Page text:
A collective and collaborative stance is difficult to reach in education. Teachers spend most of their time alone with their students in classrooms. Little time is devoted to working with fellow teachers, skills of collaboration are sometimes underdeveloped… and peer-pressure can build up. For example, I have seen teachers trying to implement innovations in their approaches in teaching to then be faced with pressure from different stakeholders: the school authorities, local government, parents, etc. Unfortunately but not surprisingly, one of the directions which pressure comes from are other teachers and colleagues. Trainee-teachers I work with discuss how they are often baffled by peer-pressure among teachers. We observe a variety of types of this phenomenon:
- Teacher forming cliques
- Spreading rumours on teachers who are unconventional
- Old generation confronting the young generation of teachers or vice versa
- Competition between factions pushing for different principles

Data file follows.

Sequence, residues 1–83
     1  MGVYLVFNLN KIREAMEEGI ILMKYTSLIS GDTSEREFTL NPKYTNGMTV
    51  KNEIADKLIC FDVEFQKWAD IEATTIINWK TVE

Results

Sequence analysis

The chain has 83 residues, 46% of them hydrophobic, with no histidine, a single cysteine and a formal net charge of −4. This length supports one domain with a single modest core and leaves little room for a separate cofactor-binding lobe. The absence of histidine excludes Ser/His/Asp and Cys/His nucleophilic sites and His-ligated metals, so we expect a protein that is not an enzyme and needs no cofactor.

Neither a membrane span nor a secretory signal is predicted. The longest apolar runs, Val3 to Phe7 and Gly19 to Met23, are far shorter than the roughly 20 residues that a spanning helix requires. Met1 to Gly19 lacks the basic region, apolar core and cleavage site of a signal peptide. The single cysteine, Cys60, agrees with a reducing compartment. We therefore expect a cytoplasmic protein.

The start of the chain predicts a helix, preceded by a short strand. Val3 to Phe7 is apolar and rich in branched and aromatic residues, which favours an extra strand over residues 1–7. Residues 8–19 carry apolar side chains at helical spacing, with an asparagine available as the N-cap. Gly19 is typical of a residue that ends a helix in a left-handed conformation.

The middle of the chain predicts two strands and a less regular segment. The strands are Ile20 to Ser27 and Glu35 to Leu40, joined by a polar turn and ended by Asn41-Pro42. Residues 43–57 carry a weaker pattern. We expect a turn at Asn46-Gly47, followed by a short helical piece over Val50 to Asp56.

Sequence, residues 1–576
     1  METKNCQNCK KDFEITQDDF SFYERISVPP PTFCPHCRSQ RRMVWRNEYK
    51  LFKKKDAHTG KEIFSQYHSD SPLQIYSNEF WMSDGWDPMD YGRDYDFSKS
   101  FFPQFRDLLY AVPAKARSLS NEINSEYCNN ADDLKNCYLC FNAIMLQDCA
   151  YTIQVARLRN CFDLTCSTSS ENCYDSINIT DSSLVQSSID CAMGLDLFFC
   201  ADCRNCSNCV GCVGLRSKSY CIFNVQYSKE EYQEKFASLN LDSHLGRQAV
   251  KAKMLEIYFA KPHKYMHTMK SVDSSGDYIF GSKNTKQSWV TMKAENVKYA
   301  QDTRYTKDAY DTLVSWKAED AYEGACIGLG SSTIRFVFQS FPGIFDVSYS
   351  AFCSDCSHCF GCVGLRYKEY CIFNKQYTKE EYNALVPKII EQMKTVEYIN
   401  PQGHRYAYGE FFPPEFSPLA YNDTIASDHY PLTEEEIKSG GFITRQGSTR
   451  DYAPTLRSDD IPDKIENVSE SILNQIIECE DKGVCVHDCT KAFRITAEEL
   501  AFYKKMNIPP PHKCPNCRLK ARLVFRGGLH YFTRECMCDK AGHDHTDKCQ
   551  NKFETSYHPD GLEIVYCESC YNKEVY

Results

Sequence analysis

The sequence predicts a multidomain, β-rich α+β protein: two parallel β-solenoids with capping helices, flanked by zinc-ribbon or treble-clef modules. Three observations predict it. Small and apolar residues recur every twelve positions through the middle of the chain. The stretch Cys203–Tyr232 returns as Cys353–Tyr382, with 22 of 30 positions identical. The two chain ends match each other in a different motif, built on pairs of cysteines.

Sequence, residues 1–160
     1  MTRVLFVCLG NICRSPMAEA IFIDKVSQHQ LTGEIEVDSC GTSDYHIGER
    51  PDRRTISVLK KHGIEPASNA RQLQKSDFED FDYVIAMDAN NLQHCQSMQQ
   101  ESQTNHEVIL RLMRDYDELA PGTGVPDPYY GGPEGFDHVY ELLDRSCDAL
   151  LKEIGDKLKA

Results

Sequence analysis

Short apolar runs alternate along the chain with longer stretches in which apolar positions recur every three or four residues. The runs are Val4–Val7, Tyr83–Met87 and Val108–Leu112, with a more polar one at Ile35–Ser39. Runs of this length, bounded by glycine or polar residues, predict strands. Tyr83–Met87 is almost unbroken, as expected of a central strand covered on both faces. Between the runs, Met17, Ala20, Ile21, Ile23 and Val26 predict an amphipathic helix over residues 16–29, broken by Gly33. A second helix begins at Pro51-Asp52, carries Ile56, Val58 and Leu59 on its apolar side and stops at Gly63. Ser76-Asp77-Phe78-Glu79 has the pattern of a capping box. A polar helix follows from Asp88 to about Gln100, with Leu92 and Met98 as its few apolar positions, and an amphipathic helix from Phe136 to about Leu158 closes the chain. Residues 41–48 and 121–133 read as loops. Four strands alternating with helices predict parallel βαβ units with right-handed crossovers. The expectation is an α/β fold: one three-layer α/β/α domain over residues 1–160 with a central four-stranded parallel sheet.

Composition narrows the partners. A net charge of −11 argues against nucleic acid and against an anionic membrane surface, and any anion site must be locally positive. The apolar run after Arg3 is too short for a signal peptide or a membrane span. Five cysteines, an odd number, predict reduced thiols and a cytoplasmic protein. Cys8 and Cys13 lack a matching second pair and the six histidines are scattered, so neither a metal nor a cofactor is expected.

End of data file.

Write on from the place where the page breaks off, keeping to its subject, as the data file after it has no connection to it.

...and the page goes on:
Finding the way to cope with this pressure can be tricky. Faced with such pressure teachers can lose their sense of self-efficacy and agency. They sometimes have to accept to become outcasts in their schools, with colleagues criticising them. They might then react by thinking ‘I don’t need confirmation from teachers but from my students”. They become lonely fighters who cannot change the system so they change themselves. They tend to:
- Disappear, watching their steps (as on a minefield)
- Keep a distance from peers (‘let’s not engage’)
- Revert to sarcasm (‘oh these fossilized teachers…’)
- Move to a different school
- Try to compromise and lose momentum.
All of these positions are hard to hold emotionally, and the strategies employed are mostly lonely and exclusive.
We no longer do ‘window teaching’ now and we actually have stopped all teacher training and peer training in our school, because our efforts produced resistance, fear and envy among many of our colleagues.
C.B. Teacher in Germany
It is worth thinking about and finding the way to involve other teachers around us in changes, to motivate them to cooperate while respecting our differences. Once teachers are together they can start thinking about how to influence the institutions. Collectively, educators, students, parents need to consider that institutions belong to ‘us’, and not to some far away elites.
This means to compel an inclusive approach with students, teachers, admins and policy makers. Of course, it demands courage and determination on the part of teachers… but good things are not easy to get.